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Correspondence: Unembarrassed by my No on Scotland
28 September 2014
Socialist Democracy has came in for quite a lot of criticism for adopting a ‘No’ position on the Scottish referendum with one comrade expressing his embarrassment at SD’s position. While recognising that advocating a No vote places me in a minority among the Nationalist and Republican milieu I feel no embarrassment in promoting this position as I feel that left republicanism understands the Leninist argument that the nationalism of the oppressed and the nationalism of the oppressor are two different things. Some republicans do indeed see Scotland as an oppressed victim of imperialism, they are mistaken and it would be the worst kind of opportunism to accommodate this political mistake.
Outside of an acceptance of Scotland as an oppressed nation the reason most frequently given for supporting the ‘Yes’ campaign is that it is a blow against imperialism. This could only be the case if a superficial view of imperialism is taken. Irrespective of the chagrin of the Windsor parasites who, in any case, will remain as heads of state, Scotland will be tied to NATO, the Bank of England or alternately EU imperialism, implementing whatever austerity they command them to implement, just like the puppet Dublin administration at present. The British army will continue to exist and the Scottish Nationalists have a record in supporting every imperialist adventure they have embarked upon, including the Scottish regiments ‘patriotic’ duties carried out here in the northern colony.
More importantly the idea created that Scottish independence could solve the problems of the working class is dangerous, it creates illusions in a national solution to the problems of the working class when none exist, so no sooner would independence have been achieved, complete with a belief that Scottish workers should come before English ones, than the socialists who have supported this regressive campaign have to convince those same workers that their problems can only be solved by international class struggle based on class interests, not national interests. Scottish workers would be weakened when divorced from English workers and campaigns that originate in England could be settled in Scotland through social partnership style deals breaking workers unity.
The position is reactionary and the effects of that can now be seen by Cameron’s delighted attempts to fragment the British working class further by plans to devolve powers to local level, promoting a dogfight between regional groups of workers over resources. The end result is a fragmented working class. The same is happening in Europe where the Catalans and the Northern League in Italy are greatly enthused by Scottish nationalism’s near miss.
It is not ironic in the slightest that the SP and SWP have taken this position, it is a logical extension of the former’s parliamentarism and the latter’s penchant for populist spontaneity. The real irony is that some republicans find themselves on the same side as people with an atrocious record on the national question in this country. In the longer term the perspectives of the reformist and centrist left is found wanting. The ‘parliamentary cretinism’ of a parliamentary road to socialism long touted by the SP has led them to this position where they lead Scottish workers up the garden path with illusions of a more ready possibility of a majority in Holyrood and an enabling act to see them through to socialism.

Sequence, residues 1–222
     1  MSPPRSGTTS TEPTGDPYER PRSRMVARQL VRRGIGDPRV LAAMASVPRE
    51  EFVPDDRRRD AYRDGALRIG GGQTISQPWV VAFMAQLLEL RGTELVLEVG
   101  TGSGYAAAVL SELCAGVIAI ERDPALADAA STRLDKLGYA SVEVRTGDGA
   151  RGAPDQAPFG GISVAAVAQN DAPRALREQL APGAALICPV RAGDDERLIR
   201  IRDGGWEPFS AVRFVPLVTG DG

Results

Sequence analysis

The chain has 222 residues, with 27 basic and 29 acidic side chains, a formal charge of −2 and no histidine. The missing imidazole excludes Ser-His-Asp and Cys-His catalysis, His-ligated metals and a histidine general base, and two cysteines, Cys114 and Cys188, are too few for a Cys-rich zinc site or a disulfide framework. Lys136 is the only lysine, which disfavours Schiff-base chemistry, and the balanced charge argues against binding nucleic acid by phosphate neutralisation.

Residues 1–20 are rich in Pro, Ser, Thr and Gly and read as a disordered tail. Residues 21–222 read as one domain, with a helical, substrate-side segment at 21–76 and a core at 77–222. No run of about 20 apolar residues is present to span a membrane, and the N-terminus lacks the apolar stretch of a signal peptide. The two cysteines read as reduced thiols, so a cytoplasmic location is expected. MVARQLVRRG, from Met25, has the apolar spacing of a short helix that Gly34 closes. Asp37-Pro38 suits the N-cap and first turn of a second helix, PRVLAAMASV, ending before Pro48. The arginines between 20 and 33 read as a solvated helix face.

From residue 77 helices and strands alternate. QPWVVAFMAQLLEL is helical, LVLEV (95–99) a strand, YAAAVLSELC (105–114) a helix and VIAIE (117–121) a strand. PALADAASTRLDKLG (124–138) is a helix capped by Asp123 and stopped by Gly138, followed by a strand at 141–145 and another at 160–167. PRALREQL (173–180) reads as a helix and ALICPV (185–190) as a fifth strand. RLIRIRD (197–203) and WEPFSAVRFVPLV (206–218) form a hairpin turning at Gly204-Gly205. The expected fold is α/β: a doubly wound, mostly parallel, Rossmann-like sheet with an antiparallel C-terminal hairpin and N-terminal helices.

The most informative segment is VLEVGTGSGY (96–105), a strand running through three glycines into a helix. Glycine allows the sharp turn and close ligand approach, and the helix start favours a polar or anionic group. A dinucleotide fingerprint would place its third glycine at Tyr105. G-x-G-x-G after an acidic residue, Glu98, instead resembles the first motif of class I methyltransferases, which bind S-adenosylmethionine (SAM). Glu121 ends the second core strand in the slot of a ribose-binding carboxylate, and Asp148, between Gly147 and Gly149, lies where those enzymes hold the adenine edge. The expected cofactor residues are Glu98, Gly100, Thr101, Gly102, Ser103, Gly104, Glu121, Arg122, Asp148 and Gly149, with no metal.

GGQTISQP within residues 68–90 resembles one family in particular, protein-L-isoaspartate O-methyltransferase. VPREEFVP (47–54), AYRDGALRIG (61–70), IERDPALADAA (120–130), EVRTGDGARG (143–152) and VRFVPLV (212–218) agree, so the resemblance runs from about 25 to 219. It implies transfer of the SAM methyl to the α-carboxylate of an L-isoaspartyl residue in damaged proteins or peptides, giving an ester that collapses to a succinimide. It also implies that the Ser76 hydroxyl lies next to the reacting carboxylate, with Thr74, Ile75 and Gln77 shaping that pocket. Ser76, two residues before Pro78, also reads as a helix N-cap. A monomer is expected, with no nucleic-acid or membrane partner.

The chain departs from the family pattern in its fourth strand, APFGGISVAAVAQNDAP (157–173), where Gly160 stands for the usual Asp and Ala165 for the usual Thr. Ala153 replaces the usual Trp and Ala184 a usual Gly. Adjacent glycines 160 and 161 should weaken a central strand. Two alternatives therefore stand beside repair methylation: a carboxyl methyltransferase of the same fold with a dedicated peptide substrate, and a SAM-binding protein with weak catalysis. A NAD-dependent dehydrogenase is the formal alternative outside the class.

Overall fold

While evidence of the hairline fractures running through the British bourgeoisie is to be welcomed, the fragmentation of the British working class is not. The largest possible body of the working class stands the best chance of defeating British imperialism and attempts by a section of the Scottish bourgeoisie to grab their share of the oil is being supported by sections of the left with the deluded belief attached that this will benefit the Scottish workers, but the sub text reads … at the expense of the impoverished English working class.
The argument has been made that the poorest working class areas voted for this - yes no doubt, but they are angry at the betrayals of the Labour liars and the lack of leadership in the face of endless cuts and shrinking living standards. Working class people want to lash out at the political establishment but victory in any struggles against the capitalist class will not be achieved by a majority in Holyrood but by unity in action on the streets and in the work places across the widest possible area against the class enemy.
Workers’ gut reaction after decades of betrayal by the labour movement, including old labour, is understandable. It is hardly surprising that workers should look for another way to settle accounts with the political class in Westminster. The left political leadership should be judged more severely. Had the vote been Yes the spirit of the angry Scottish workers would have been redirected into ‘our’ Scottish parliament, their struggle would not have gone away but the political leadership that led them out to fight for Salmond’s petty capitalist daydream would have had to lead them out, under conditions of Irish style austerity, divorced from their English working class allies, to fight against it, perhaps with the battle cry “we were fooled”!
Now, if the undoubted optimism and energy of the alienated Scottish workers is turned against the real reason for their frustrations, the complete betrayal by reformist labour, if it confronts the union bureaucracy that presides over years of betrayal, it can reinvigorate the entire British labour movement, reignite the class struggle with a new vigour and strike real blows against British imperialism.
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